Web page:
Live the stream: the story of Joe Humphries. I highly recommend this one. Joe is an icon in fly fishing and a lovable character as well. See the description below..........“Live The Stream is the inspiring life story of Pennsylvania’s fly fishing legend, Joe Humphreys: a man who was born to fly fish, lives to teach, and strives to pass on a respect for our local waters. A visually stunning film, anyone with a pulse can appreciate Joe’s contagious spirit and, at 86-years-young, trout streams are his fountains of youth. This is an emotion-packed adventure and Joe will catch your heart in this powerful tale of tenacity, life and love”.
Journey On by Tight Loops Fly (Aimee and Chase Bartee). Aimee and Chase are living the life many anglers daydream of living. They have made several great films. I would start with Journey On and then binge the rest of their work. See the description below.........."In the summer of 2015, filmmakers Aimee Savard and Chase Bartee packed up their belongings, moved into their 1985 Volkswagen Westfalia, and left their home in Massachusetts. The goal? To make their way to Montana, and spend as much time as humanly possible exploring, fly fishing, and documenting their travels. Living in an eighty square foot van would pose its challenges. But the lessons learned and experiences gained over the next three and a half months would set events into motion that would change their lives forever."
True North by Wild Fly Productions. Wild Fly Productions is a group of young dudes from North Carolina that are using technology to document their fishing trips. Their films are both inspiring and entertaining. True North is about their annual trip to Maine and a day trip over to the Great North Woods of New Hampshire. Watch this and try not to binge-watch the rest of their work.
There are plenty more good films to watch so feel free to leave suggestions in the comments below.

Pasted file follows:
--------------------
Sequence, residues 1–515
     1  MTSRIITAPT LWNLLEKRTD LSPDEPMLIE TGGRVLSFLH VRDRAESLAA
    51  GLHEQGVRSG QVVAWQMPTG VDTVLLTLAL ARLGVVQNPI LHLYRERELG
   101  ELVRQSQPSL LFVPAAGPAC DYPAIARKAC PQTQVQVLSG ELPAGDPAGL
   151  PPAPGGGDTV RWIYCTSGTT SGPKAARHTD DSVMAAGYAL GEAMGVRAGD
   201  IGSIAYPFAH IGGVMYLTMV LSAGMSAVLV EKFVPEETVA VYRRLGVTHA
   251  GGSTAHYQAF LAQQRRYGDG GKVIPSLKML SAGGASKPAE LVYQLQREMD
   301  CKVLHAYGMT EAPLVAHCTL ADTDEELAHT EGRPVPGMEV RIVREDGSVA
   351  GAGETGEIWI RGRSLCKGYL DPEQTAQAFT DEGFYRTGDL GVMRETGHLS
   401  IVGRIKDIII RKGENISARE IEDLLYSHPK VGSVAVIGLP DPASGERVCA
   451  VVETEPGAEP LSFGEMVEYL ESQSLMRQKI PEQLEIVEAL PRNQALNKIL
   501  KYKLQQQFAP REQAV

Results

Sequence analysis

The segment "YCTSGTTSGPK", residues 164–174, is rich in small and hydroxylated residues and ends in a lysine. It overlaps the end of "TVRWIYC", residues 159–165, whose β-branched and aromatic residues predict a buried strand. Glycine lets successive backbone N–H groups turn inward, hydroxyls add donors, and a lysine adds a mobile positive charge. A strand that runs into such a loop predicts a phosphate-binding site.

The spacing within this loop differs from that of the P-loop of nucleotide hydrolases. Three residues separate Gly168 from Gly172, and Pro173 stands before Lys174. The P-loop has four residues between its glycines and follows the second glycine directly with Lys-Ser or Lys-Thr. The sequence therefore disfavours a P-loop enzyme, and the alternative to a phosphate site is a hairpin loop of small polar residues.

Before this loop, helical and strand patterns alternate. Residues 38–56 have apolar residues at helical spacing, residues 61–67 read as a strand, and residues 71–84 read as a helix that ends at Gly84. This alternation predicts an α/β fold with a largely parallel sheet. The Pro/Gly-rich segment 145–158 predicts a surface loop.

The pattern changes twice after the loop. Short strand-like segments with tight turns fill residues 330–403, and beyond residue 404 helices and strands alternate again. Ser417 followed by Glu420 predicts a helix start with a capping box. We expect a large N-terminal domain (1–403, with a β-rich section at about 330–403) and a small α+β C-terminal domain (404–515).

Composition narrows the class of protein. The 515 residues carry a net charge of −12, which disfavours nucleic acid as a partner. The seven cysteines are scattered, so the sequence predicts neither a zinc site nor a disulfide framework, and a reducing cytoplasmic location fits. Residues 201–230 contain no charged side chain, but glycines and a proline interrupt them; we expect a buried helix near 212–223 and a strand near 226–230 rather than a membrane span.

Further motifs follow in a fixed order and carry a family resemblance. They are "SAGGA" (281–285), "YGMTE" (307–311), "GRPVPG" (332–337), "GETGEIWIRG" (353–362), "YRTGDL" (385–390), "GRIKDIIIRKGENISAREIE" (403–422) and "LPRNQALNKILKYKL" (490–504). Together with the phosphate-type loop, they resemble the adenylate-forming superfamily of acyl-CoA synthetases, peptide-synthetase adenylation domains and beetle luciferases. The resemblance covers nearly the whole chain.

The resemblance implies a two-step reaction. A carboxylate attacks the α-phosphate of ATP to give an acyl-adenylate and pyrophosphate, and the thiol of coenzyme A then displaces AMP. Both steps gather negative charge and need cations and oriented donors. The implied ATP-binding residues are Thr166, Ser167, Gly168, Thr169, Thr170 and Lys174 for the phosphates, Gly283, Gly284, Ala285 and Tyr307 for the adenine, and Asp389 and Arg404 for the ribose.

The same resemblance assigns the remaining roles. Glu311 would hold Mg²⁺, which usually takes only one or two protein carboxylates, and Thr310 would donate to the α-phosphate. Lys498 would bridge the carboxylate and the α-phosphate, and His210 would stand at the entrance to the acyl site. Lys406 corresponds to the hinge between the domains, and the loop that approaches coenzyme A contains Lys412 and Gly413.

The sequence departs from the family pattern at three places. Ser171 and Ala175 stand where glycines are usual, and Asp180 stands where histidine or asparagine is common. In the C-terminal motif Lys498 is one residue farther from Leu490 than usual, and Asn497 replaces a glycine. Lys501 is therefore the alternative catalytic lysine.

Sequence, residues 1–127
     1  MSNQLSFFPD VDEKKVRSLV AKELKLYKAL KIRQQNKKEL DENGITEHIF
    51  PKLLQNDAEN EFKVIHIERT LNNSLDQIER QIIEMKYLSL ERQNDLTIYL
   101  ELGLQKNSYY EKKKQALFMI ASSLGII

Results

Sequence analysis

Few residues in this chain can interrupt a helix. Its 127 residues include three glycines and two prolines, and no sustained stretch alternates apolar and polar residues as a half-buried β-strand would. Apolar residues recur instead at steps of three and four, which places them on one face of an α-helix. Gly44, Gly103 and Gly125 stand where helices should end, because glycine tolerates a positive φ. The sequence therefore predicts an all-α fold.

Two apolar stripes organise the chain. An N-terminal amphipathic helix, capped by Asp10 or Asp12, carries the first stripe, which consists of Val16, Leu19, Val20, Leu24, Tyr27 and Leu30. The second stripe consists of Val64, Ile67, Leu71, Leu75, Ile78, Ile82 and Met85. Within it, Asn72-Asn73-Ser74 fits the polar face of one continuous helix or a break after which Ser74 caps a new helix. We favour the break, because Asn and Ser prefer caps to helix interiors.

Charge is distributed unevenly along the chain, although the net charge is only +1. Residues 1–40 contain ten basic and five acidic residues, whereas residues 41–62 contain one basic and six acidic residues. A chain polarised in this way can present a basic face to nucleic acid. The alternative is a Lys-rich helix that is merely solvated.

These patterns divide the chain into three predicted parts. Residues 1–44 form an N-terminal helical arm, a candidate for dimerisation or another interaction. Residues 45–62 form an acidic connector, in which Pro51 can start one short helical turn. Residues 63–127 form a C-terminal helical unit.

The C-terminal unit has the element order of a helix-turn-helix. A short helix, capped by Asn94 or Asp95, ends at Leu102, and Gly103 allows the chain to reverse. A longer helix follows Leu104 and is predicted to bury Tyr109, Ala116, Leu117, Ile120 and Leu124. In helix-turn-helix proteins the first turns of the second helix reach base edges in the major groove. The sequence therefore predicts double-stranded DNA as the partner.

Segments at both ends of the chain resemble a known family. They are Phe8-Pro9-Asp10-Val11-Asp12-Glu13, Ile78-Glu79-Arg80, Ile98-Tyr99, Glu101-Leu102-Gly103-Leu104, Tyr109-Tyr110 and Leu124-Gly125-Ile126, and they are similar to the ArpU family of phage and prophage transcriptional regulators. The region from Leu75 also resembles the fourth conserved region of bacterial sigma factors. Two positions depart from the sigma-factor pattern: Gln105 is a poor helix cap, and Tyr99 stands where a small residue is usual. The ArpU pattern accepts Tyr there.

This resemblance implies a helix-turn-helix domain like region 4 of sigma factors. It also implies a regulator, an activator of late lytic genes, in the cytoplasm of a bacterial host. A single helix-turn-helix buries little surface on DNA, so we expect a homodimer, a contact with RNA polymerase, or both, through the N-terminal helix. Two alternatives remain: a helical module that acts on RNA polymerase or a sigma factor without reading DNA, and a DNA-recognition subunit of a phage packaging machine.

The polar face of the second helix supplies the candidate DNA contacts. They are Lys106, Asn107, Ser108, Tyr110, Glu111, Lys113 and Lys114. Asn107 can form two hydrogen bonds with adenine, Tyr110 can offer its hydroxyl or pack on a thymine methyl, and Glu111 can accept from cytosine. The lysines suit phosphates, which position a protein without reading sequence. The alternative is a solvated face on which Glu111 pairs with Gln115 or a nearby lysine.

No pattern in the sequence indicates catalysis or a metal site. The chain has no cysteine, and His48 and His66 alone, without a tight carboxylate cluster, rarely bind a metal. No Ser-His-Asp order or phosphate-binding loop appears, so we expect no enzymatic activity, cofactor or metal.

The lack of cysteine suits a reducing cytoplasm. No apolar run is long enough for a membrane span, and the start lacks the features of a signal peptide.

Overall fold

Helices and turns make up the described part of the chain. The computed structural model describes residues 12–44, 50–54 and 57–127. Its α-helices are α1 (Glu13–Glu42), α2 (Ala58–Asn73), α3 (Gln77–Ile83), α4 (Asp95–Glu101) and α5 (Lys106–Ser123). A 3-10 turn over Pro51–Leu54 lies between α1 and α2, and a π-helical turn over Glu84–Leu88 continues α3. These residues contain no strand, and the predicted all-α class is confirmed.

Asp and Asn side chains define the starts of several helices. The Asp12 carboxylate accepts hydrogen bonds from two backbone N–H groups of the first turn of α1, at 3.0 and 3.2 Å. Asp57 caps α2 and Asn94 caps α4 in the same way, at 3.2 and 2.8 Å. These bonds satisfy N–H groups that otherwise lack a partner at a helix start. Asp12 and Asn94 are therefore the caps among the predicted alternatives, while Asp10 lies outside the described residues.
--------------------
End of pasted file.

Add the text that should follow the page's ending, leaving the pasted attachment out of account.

What about reading materials? If you’re like me then a good book is a great way to pass the time when you can’t get to the water. Normally I do a lot of reading about fly fishing when winter comes to New England. Now is a great time to lose yourself in a good book and quiet the noise on television and social media. Below are recommendations that I have read recently and or is on my to-do list. Again, not in any particular order…
A Fly Rod of Your Own by John Gierach
Most of you have heard about the writings of John Gierach. John is a storyteller we can all relate to with his everyman style, sense of humor and keen observations. Trout Bum is one of my favorite books by John. You can’t go wrong with one of his books. Definitely my favorite angling author. What Peter Egan is to motorcycles, Gierach is to fly fishing. So, I can't wait to dive into this book.
Fly-Tying by Helen Shaw
Helen Shaw is one of the greatest fly tying instructors of all time. This book is so good that it has been through several printings. Pick up a copy and learn from the best. Forget the internet for a quick minute and check out this book.
Squaretail by Bob Mallard
Bob Mallard is an icon in New England. I can’t wait to dig into this book about wild brook trout. But don’t take my word for it… “If there is a finer trout angler than Bob Mallard, I have not encountered one. Nor have I encountered anyone who knows more about wild brook trout and where to find them.” -Ted Williams
So there you have it. These are my suggestions to help you get through the quarantine. A small list that will hopefully provide you with a needed distraction. Something to quiet the noise and think about something else besides the covid-19 pandemic. Share this list with your buddies and form your own suggestions or lists. But most of all stay positive and know that we will reach the end of this crisis and have better days ahead.
See you on the stream